2. Upward communication: Upward communications are the just reverse of the downward communications. Feedback to the higher authorities by the lower level is an upward communication. It flows from the subordinates to their superiors through the line. Such communication includes suggestions, opinions, reactions, complaints, and grievance, etc. Generally, this type of communication is ignored by the superior but in modern times it is regarded as the main source of motivation in employees.
3. Horizontal communication: It refers to the transmission of information among positions of the same level, i.e. when communication takes place between two or more persons of the same level under the same superior, it is known as horizontal communication. Such communication is to co-ordinate the efforts of the persons working in various departments. It removes duplication of work and thus minimizes the wastage of time, money and labor.

According to Way of Expression

On the basis of their expression communication types may be divided into two categories—oral and written.
1. Oral communication: Transmission with the help of spoken words is a common system of communication. In oral communication, both parties in the process exchange their ideas through oral words either face-to-face or through any mechanical device such as telephone, etc. Meetings, lectures, conferences are some other media of such communication.
The following are the main advantages of oral communication:
(a) It saves time and money.
(b) It is more effective. Gesture, tones, and facial expression make the communication effective and efficient.
(c) The communicator knows the reaction of the communicate. They may even clear the doubts, if any, in the minds of others party.
(d) It is the only way out during emergencies.
(e) It is more convenient to measure the effect of communication. The communicator can easily guess whether the recipient is following him or not.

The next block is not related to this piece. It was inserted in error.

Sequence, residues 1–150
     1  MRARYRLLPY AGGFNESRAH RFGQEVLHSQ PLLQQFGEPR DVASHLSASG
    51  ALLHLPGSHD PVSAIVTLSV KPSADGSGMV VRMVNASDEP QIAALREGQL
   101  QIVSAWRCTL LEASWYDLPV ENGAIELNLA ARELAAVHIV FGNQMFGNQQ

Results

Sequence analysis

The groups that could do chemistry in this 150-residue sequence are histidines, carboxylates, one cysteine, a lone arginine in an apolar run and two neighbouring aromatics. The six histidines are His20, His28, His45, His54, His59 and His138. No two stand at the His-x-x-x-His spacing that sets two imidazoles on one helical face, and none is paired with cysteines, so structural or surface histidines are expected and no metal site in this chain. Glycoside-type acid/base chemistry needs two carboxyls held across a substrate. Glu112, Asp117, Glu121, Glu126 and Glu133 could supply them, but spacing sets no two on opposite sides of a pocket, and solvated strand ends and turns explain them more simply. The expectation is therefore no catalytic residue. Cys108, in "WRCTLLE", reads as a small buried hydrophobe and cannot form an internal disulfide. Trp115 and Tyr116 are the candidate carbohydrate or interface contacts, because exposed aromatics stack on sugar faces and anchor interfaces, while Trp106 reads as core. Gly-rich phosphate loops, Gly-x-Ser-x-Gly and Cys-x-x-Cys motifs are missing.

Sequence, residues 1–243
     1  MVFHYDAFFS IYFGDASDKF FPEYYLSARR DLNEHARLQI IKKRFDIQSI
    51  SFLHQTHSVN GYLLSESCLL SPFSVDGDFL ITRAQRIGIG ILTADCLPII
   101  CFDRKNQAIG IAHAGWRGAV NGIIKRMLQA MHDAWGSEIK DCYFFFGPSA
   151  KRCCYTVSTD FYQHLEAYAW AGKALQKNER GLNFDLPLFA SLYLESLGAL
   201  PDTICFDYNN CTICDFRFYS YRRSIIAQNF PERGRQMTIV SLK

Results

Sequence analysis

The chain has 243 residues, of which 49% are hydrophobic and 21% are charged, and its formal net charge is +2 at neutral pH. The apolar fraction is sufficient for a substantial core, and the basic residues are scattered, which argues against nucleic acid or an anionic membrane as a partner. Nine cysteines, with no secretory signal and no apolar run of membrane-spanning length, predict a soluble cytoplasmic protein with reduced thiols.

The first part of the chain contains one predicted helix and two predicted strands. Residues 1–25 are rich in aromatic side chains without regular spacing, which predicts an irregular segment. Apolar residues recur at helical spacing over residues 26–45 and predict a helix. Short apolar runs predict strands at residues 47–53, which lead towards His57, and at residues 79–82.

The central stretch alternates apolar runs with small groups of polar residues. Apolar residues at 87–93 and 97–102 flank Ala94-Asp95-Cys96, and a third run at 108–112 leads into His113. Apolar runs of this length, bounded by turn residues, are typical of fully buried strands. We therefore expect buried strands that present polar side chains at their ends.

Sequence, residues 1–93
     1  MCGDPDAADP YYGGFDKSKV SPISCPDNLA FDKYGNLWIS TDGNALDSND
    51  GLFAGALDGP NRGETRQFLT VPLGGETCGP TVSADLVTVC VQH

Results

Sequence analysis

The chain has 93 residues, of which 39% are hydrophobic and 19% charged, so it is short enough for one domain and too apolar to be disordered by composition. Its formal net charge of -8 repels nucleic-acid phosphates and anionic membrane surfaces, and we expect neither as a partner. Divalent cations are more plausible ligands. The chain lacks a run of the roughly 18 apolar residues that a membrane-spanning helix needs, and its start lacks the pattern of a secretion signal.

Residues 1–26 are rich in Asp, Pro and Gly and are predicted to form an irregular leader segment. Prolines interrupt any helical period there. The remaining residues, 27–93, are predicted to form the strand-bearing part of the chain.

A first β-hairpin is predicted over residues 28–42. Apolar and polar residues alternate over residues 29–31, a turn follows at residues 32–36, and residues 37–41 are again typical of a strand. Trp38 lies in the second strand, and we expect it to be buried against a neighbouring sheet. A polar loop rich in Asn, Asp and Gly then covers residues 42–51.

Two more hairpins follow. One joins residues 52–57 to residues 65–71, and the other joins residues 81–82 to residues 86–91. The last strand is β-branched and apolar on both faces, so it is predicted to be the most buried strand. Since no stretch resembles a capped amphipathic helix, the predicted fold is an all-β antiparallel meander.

Oral or verbal communication is, however, not suitable in the following cases:
(a) If the message to be conveyed is too lengthy to clarify, the oral communication is not suitable.
(b) The impact of verbal communication is temporary. There is no documentary proof of such communication.
(c) An immediate decision is to be taken by the recipient. There is no time for serious thought to be given to communication.
(d) There is a possibility that the spoken words are not clearly heard or understood or taken in some other sense.
(e) If the two persons, communicator, and communicatee, are at places far away from one another, communication becomes difficult. Though telephone conversation may be had but it cannot be considered to be a reliable way.
(f) Verbal communication will not serve the purpose if the message or communication, is required to be kept on record.

2. Written communication:

When communication is reduced into black and white, it is called written communication. This includes written words, graphs, charts, diagrams, pictures, etc. This is the most common form of communication used in the organization.
The following are the advantages of written communication:
(a) Written communication is the only means of communication when both the parties are far off even beyond the telephonic range.
(b) Written communication is the only way out if a message is too lengthy and meant for a large number of persons.
(c) Written communication may be stored and recorded for future references. Suitable actions can be taken on the subordinates for not following the communication.
(d) It gives time to the recipient to think, to analyze and then decide the course of action.
(e) It reduces disputes, jurisdictions, friction and back passing.
The following are the main limitations of written communication:
(a) It is costly and time-consuming both in terms of preparation of drafts and in terms of understanding.
(b) Everything cannot be put in black and white.
(c) It cannot remain confidential.
(d) It is not flexible. It results in red-tapism.